Will Sandry is the 788th Mayor of Bath, and as far as I know the first openly gay one. He has been an excellent friend to the Bath Gender Equality Network over his year in office, and today he invited Ceri and the gang for drinks in the Mayoral Parlour, a room full of bling and history used by mayors for entertaining visiting dignitaries. Thus it was that a bunch of mouthy feminists (many of them trans people), and one young unicorn got to tread in the footsteps of various kings and queens, Baden Powell, Winston Churchill, Emperor Haile Selasie and most recently the Chinese Ambassador. We all behaved ourselves, more or less. There are some pictures on the BGEN Facebook page, but I’m not sure if all of them are public.

The room is a Victorian extension to the Guildhall, so Jane Austen would not have been there.

Huge thanks to Will for inviting us. When I get a chance I’ll process my photos of the bling and history. They have charters signed by Richard I and Elizabeth I, over £1million worth of gold bling, and a nice big sword. It is quite impressive.

Posted in Feminism, History, Where's Cheryl? | Leave a comment

Pete Newman Interview

The Vagrant - Pete Newman

I am continuing to sort through my archives of author interviews and publish stuff that is still relevant. The following interview with Pete Newman took place on Ujima in May 2015. Pete and I talk mainly about The Vagrant, which has just been released in paperback. The sequel, The Malice, is also new out in hardcover. We spend a lot of time talking about demons, babies and goats.

As is fairly inevitable, there are a few things in the discussion that are dated — primarily where we talk about Tea and Jeopardy being a Hugo finalist. However, most of the discussion is still very relevant. Also Emma’s Planetfall is now out, and it is wonderful.

Next week the May 4th show will have fallen off the Listen Again system at Ujima so I will be able to bring you the full rambling glory of the Guy Gavriel Kay interview.

Posted in Books, Podcasts | Leave a comment

Writing Class Scholarships

Cat Rambo runs excellent online writing courses (I can say that because I have taken one). However, being a professional writer, she does need to charge for them. This can be a problem for the more disadvantaged parts of the community. I am therefore delighted to see that going forward each class will have one slot available for free to someone who would not otherwise be able to afford it.

Full details as to how to apply, and an explanation as to why Cat decided to call these things Plunkett scholarships, are available on Cat’s blog. I see that she says that applications from QUILTBAG folk and People of Color are particularly welcome. A special shout out is due to Keffy who inspired the whole thing.

Posted in Writing | Leave a comment

SHIELD and Puppies

I was watching the latest (for the UK) episode of Agents of SHIELD last night. This was one featuring a group of inhuman-hating bigoted thugs who call themselves The Watchdogs. I noticed that everyone kept referring to them as “Puppies”. This has to be a coincidence, right? I mean, why would anyone writing a science fiction show associate the idea of puppies with spreading hatred?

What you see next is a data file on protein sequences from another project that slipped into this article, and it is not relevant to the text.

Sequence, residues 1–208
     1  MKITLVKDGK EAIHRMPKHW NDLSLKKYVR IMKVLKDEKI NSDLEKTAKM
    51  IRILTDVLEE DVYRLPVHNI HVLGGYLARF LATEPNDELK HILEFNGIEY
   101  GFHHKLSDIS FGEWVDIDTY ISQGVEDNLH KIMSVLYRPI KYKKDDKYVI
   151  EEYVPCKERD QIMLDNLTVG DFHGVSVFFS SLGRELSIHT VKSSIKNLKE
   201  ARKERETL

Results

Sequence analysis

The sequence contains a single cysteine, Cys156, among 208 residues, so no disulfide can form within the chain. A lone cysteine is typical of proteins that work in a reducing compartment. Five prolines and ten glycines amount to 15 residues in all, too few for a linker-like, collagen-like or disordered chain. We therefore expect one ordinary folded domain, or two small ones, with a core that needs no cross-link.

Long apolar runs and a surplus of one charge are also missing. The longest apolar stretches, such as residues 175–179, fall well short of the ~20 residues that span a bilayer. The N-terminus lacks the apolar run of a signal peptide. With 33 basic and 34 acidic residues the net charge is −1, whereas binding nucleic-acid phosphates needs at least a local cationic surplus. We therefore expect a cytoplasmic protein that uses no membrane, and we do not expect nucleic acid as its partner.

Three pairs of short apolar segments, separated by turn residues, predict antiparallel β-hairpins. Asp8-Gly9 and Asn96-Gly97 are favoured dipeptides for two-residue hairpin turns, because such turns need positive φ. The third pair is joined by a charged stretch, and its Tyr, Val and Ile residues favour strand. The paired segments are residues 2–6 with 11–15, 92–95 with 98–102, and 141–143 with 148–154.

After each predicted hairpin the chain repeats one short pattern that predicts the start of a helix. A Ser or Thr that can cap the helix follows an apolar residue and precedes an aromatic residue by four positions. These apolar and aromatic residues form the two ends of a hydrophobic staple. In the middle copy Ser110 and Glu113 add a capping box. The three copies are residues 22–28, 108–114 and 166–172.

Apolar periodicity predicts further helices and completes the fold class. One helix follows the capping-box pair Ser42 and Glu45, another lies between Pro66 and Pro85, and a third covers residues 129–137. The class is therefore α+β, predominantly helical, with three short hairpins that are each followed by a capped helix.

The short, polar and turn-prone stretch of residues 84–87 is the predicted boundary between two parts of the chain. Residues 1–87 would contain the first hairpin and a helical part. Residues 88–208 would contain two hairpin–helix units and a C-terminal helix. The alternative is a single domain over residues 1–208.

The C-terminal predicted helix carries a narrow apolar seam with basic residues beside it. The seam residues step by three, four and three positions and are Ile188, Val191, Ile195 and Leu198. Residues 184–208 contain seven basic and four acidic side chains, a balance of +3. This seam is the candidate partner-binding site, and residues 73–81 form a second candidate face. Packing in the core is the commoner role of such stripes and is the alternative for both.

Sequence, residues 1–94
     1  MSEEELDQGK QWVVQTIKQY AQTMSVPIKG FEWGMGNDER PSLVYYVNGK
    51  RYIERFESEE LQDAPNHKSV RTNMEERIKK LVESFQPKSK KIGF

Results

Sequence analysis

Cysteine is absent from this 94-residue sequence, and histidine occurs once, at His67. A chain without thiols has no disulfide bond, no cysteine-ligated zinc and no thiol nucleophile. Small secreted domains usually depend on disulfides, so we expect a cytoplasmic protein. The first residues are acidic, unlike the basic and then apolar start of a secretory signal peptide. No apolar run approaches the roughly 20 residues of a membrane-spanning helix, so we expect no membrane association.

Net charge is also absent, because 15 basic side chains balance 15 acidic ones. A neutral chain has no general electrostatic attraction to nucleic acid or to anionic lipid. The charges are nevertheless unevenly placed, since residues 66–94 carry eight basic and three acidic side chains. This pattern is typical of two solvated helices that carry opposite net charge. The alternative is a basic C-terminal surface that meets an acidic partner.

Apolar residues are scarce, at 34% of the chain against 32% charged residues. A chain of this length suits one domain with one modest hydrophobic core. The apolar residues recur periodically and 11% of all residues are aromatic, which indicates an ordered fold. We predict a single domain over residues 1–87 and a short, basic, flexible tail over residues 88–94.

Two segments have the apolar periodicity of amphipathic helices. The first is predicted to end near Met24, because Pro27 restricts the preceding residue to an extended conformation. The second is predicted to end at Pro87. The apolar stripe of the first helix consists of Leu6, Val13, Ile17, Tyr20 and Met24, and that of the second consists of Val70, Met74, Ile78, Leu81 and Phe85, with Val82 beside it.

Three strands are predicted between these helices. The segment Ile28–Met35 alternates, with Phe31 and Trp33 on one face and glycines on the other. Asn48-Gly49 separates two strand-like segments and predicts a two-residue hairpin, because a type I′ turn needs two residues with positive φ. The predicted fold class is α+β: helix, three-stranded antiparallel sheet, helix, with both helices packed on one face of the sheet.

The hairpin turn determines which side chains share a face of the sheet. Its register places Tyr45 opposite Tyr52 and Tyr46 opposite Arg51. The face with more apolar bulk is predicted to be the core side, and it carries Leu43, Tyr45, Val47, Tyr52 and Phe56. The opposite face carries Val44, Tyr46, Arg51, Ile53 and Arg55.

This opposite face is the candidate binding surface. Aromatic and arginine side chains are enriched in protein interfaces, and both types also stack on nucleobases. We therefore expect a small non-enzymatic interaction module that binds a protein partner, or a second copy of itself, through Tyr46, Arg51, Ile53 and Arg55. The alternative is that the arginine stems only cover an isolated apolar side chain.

Posted in Fandom, TV | 2 Comments

WEP’s e-Quality Campaign

I have email from the Women’s Equality Party. Tomorrow they are launching a new campaign called e-Quality. It is aimed at tackling the issue of harassment and bullying of women online which, unless you have been living in a cave for the past few years, you will know has become a major issue.

It’s not just fanboy tantrums over girl gamers or the all-women Ghostbusters movie we are talking about here. As this Telegraph article points out, girls as young as 11 are becoming victims of revenge porn attacks. Any woman who pokes her nose above the parapet is deemed fair game. I have no idea how people like Brianna Wu and Laurie Penny cope with the level of shit directed at them on a daily basis.

Wisely, in my view (and I’ve been saying this on the radio show for some time), WEP is making a core part of its platform a demand for compulsory sex and relationship education in schools. This is something that was proposed earlier this year, with the backing of both the Education Secretary, Nicky Morgan, and the Home Secretary, Theresa May, but was vetoed by the Prime Minister. The work that groups like TIGER do in Bristol is invaluable, but right now schools can just ignore such issues and let me media do all of that side of kids’ education.

Personally I think that the campaign should also target social media companies, particularly Facebook. It is becoming increasingly obvious that their “community standards” are being enforced by people who are misogynistic and transphobic. That may not be company policy, but it happens and you have to create a huge stink to get anything done about it.

While this is a specifically UK campaign, it isn’t a UK-only issue. This morning I saw an article from another SF-writing journalist, Kate Heartfield from Canada. She too was wrestling with the issue of the need to tackle certain issues as women, not as members of a political party, a position that WEP has to spend a lot of time defending.

There will be an online thing happening tomorrow morning with the hashtag #CtrlAltDelete. I shall be interested to see how that goes, and how much trolling it attracts. As Sophie Walker, the WEP party leader, will be in Bath on Wednesday evening, I should be able to get an up-to-date report on how things went.

Posted in Current Affairs, Feminism | Leave a comment